• View of Grand Canyon National Park at sunset from the South Rim

    Grand Canyon

    National Park Arizona

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  • Mostly cloudy skies, a chance of showers and near normal temperatures Friday and Saturday.

    Beginning Sunday, temperatures will increase before another passing weather system causes a period of strong gusty winds Tuesday and Wednesday. (Source NOAA) More »

Wildflowers

Grand Canyon Park is home to hundreds of flowering plants. There are approximately 650 herbaceous (having little or no woody stem) wildflowers in the park. Some of the common species displaying a white flower are the sacred datura, evening primrose, tidy fleabane, yarrow, baby white aster, desert tobacco, watercress, and white violet. Some common yellow flowering wildflowers are broom snakeweed, yellow ragweed, hymenopapus, groundcherry, common mullein, Hooker's primrose, and blanket flower. Red or orange flowered plants include the globe mallow, red columbine, skyrocket, penstemon, Indian paintbrush, and crimson monkeyflower. Pink and purple wildflowers include the Rocky Mountain bee plant, fleabane, Palmer lupine, toadflax penstemon, Grand Canyon phacelia, and Rocky Mountain iris. For a complete list of Grand Canyon Plants see the Grand Canyon Plant List.
 

Related Information

Colorado River Plant List (280kb Excel Worksheet)

Grand Canyon Exotic Plants List - updated 2012 02 (80kb PDF File)

Grand Canyon Exotic Plant Species - Vegetation Management Bulletin (117kb PDF File)

Grand Canyon Vascular Plant List (211kb Excel Worksheet)

Grand Canyon Non-Vascular Plants (330.7kb PDF File)

Grand Canyon Potentially Invasive Weed List (17.8kb PDF File)

Grand Canyon Threatened & Endangered Species List (52.5kb PDF File)

Guide to the Special Status Plants of Grand Canyon
Part One (1.44MB PDF File)
Part Two (2.05MB PDF File)
Part Three (1.57MB PDF File)

List of Special Status Plants of Grand Canyon (30kb Excel Worksheet)


Canyon Sketches Vol 16 - January 2010
Grand Canyon National Park takes steps to recover the endangered sentry milk-vetch.
The park took significant actions in 2009 to recovery the endangered sentry milk-vetch, including constructing a passive solar greenhouse to house an ex situ population and conducting seed germination trials.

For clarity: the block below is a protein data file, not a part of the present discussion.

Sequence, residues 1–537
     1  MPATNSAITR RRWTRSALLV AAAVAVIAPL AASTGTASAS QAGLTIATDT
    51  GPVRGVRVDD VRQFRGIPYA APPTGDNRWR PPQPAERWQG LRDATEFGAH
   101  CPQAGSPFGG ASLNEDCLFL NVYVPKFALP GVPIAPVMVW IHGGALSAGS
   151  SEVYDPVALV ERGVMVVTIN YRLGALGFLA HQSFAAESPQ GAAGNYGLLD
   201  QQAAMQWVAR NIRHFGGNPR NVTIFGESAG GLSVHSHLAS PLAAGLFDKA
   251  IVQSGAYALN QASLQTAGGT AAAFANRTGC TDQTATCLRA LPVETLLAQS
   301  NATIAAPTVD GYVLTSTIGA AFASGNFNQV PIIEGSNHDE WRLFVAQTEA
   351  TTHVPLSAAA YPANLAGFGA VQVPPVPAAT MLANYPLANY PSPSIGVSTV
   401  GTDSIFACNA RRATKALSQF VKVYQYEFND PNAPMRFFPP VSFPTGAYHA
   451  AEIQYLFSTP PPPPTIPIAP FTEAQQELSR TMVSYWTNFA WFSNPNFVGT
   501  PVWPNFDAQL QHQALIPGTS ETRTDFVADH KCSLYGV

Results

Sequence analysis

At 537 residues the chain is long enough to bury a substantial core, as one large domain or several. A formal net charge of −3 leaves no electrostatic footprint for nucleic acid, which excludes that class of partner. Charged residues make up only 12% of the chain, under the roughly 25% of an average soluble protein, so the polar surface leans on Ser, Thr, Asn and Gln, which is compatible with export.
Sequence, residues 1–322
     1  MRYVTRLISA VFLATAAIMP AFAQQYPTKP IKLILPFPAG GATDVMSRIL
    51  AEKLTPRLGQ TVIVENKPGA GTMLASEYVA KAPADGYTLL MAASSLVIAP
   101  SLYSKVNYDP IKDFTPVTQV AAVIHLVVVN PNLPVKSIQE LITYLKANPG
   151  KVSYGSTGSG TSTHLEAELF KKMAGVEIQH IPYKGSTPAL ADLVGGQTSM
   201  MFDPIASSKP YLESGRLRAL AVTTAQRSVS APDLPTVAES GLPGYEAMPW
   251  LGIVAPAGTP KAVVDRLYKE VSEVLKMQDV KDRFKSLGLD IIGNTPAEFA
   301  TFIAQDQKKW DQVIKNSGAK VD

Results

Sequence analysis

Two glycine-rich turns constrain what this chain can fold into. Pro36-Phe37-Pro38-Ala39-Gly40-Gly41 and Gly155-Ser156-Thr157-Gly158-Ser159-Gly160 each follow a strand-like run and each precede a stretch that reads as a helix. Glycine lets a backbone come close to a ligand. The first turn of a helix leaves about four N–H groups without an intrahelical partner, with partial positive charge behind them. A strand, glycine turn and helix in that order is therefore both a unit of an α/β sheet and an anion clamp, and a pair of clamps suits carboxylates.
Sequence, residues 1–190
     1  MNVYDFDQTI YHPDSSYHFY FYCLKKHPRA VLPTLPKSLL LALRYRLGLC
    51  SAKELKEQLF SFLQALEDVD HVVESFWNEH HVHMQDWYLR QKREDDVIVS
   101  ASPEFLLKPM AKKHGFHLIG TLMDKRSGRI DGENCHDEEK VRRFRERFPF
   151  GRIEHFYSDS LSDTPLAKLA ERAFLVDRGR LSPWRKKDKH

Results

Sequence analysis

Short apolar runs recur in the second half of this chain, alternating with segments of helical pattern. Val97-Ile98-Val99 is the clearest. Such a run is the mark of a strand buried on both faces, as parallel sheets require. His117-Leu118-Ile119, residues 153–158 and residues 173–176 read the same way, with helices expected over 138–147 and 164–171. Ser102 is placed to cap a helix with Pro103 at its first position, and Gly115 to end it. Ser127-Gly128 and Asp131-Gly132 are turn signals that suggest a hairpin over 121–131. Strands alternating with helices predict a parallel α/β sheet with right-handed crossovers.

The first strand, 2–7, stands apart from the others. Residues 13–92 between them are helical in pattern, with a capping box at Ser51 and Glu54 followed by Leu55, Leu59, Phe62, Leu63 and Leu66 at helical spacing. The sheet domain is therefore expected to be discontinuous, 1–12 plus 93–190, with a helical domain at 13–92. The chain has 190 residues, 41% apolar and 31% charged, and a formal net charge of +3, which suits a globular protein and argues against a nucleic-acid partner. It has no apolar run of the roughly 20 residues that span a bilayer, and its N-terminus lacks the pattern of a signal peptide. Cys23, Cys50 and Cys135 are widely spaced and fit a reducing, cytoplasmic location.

Canyon Sketches Vol 15 - November 2009

Invasive Plant Control in Tuweep
In March 2009, Grand Canyon National Park teamed up with the Coconino Rural Environmental Corps (CREC) to eradicate invasive plants in the Tuweep District.

Canyon Sketches Vol 06 - October 2008
Park Vegetation Crews Use Multiple Techniques to Restore Native Vegetation Along Hermit Road
Hermit Road re-opened in November 2008 after a nine-month rehabilitation. Restoration of native vegetation along Hermit Road is one of the largest plant restoration and rehabilitation efforts ever undertaken at Grand Canyon National Park. The multi-faceted project includes a variety of restoration techniques and incorporates substantial contributions by park volunteers and interns.

Canyon Sketches Vol 05 - August 2008
Park Biologists Conserve Rare Plant
Plant biologists identified several populations of Tusayan flameflower (Phemeranthus validulus) in areas that will be impacted by the construction of parking lots at Canyon View Information Plaza. In order to conserve this rare Grand Canyon species, they recently salvaged plants from construction zones and transplanted them in suitable habitat nearby.

Canyon Sketches Vol 02 - April 2008
Volunteers Help Control Invasive Plants
Invasive plants such as Sahara mustard pose a serious ecological threat to Grand Canyon. Volunteers have made important contributions towards controlling this aggressive invader over the last few years. Volunteer trips with Science and Resource Management's vegetation program are fun and educational and give people who love Grand Canyon the opportunity to help preserve park resources.

Visit the Canyon Sketches eMagazine Home Page
Canyon Sketches are short, timely and newsworthy updates about Grand Canyon's natural, cultural and recreational resources. They highlight the ongoing work that Grand Canyon's Science and Resource Management staff does to monitor, inventory, restore, and rehabilitate park resources. The Canyon Sketches eMagazine is designed to provide specific information on resource challenges and Science and Resource Management activities.

Did You Know?

Grand Canyon Shuttle Buses

For more than 30 years Grand Canyon National Park has provided a free shuttle bus system on the South Rim. Visitors and residents have made 75,000,000 boardings. Riding the shuttles makes your stay more enjoyable, while reducing pollution and decreasing traffic congestion. More...